Document stories can make a newsroom rock.
A recent post on the Student Press Law Center blog talks about IRS Form 990. The great thing about Frank LoMonte is that he is a journalist who happens to be a lawyer. And he tells student journalists how to get information.
I have been banging the 990 drum for a long time. Sometimes, however, we are lazy. So here comes a complete breakdown of a story pitch I would give based on 990s.
My current employer, Missouri Western State University, is a member of the Mid-America Intercollegiate Athletics Association (MIAA). (So is my alma mater, Pittsburg State University, and my former employer, Missouri Southern State University.) The athletic conference serves 15 NCAA Division II schools and is located in Kansas City, Mo.
Using my free Guidestar account, I accessed the three most recent 990s for the MIAA and found some interesting numbers. LoMonte is quite right that a number of good stories could come from this easily accessed information.
The usual push back I hear from students is that they don’t have the time to devote to pouring over three 25-plus page documents. Poppycock. I accessed all three, looked them over, printed the relevant pages and determined possible stories in the time it took my wife to take a shower.
Let me put it in journo-speak for you. Instead of updating Facebook while waiting on a source to call you back, you could have about three story ideas for the afternoon or weekly pitch meeting. You not only look industrious and smart to your editors and advisers, you are doing real public-interest journalism.
So, what did I find? Glad you asked.
- Salaries, compensation and benefits have gone up over the past three years, yet after changing commissioners that salary expense is $14,000 less.
- Net assets for the conference have declined each of the last three years.
- Program service revenue has skyrocketed from $58,450 in FY 2008 to $836,878 in FY 2010 (last available 990).
- The forms list total payouts to conference members.
I could identify at least five solid stories from the documents, and I was doing this while waiting on the wife before going to dinner. I can almost hear my old college newspaper adviser, Chad Stebbins:
“An enterprising reporter could pitch this as a series with one story coming out each week and could get all of them done in the time it would take the other guy to source one.”
Stebbins used to goad me into this stuff all the time. And it only made me a Missouri college journalist of the year and led to an eventual career.
But this is about you. So here are some practical ideas:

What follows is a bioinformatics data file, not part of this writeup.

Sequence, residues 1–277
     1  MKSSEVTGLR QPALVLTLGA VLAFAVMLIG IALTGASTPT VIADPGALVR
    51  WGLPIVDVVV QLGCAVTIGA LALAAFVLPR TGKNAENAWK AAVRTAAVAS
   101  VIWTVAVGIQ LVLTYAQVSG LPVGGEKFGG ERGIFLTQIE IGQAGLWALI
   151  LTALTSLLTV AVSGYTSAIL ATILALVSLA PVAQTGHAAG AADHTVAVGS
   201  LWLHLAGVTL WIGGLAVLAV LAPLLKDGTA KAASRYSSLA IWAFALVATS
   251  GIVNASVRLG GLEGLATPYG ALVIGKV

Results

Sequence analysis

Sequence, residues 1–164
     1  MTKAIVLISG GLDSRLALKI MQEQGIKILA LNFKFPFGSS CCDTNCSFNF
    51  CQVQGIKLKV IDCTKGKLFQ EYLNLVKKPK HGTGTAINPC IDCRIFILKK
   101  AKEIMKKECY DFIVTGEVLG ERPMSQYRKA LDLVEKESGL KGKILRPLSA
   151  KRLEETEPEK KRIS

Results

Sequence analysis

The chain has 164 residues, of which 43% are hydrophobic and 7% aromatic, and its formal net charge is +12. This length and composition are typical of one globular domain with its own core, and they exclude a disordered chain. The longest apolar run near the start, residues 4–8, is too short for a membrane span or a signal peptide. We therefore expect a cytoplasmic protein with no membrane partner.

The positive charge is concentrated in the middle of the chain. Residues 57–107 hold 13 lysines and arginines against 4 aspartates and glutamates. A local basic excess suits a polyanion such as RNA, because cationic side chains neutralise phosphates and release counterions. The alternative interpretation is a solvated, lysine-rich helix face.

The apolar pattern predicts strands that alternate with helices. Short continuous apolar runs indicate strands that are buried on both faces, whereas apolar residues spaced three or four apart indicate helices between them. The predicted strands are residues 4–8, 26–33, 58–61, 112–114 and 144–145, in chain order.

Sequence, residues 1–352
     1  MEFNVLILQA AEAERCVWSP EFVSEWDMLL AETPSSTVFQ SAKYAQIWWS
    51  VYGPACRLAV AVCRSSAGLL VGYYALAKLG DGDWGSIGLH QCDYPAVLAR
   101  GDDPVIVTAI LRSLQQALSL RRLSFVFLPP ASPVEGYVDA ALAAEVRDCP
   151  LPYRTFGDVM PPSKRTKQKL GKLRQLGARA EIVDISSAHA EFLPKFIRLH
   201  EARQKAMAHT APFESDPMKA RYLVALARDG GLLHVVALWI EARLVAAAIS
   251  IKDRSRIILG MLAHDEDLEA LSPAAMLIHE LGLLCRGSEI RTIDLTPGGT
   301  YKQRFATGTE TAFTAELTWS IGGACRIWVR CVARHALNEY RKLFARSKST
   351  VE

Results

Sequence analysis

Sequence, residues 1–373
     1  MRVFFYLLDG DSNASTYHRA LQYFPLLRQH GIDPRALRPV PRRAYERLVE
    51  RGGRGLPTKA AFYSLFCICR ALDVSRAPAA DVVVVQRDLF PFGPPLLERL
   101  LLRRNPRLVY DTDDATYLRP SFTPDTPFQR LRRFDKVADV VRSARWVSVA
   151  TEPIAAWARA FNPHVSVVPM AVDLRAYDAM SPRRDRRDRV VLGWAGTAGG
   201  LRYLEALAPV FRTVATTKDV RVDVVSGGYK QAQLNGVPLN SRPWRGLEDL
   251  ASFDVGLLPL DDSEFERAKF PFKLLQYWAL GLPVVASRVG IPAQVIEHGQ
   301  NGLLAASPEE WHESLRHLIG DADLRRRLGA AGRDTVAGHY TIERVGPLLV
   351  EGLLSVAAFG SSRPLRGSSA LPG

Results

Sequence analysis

- Don’t stop with athletic conferences. See what else is out there. University foundations are a big one. Alumni associations. Campus non-profits like ministerial organizations. You could drag this out for a semester and establish solid clips and a solid reputation as a watchdog/investigative prodigy.
- Look at the bottom line. Are organizations growing or are they in trouble?
- Look at revenues. Where does the money come from?
- Look for trends and anomalies. The MIAA’s program revenue increase seems drastic, but the documents reveal some interesting information that would make a great story. Did the organization get one big, one-time donation that skews its numbers?
- Look at salaries. The 990s list the salaries of directors, commissioners and other major officers. It also tells you who they are.
- Compare the 990s of your school with other conference/similar institutions. How does your foundation stack up with other schools’ development organizations?
The bottom line here (pun intended) is that you have a great deal of information available to cover some good, hard news. And many students don’t know it is available or think it is too hard or too boring.
What a shame.
Blair Kerkhoff of the Kansas City Star requested, through state open records laws, information on athletic department budgets at the major KC region universities and wrote an exceptional piece. He had few quotes, and he didn’t need many. Documents told the story.
Kerkhoff isn’t an investigative reporter. He writes sports columns mostly. But he could be an investigative reporter. Check that. He is an investigative reporter. And I just proved it with that link.
My grandmother, God rest her soul, could cover a presser or write a gamer. You might write a great lede about Jones leading a fourth-quarter comeback, but Jones did all the work. Document stories — especially in sports — are what jump out of your clip file.
Some adviser or student in Missouri is going to read this and write about 990s.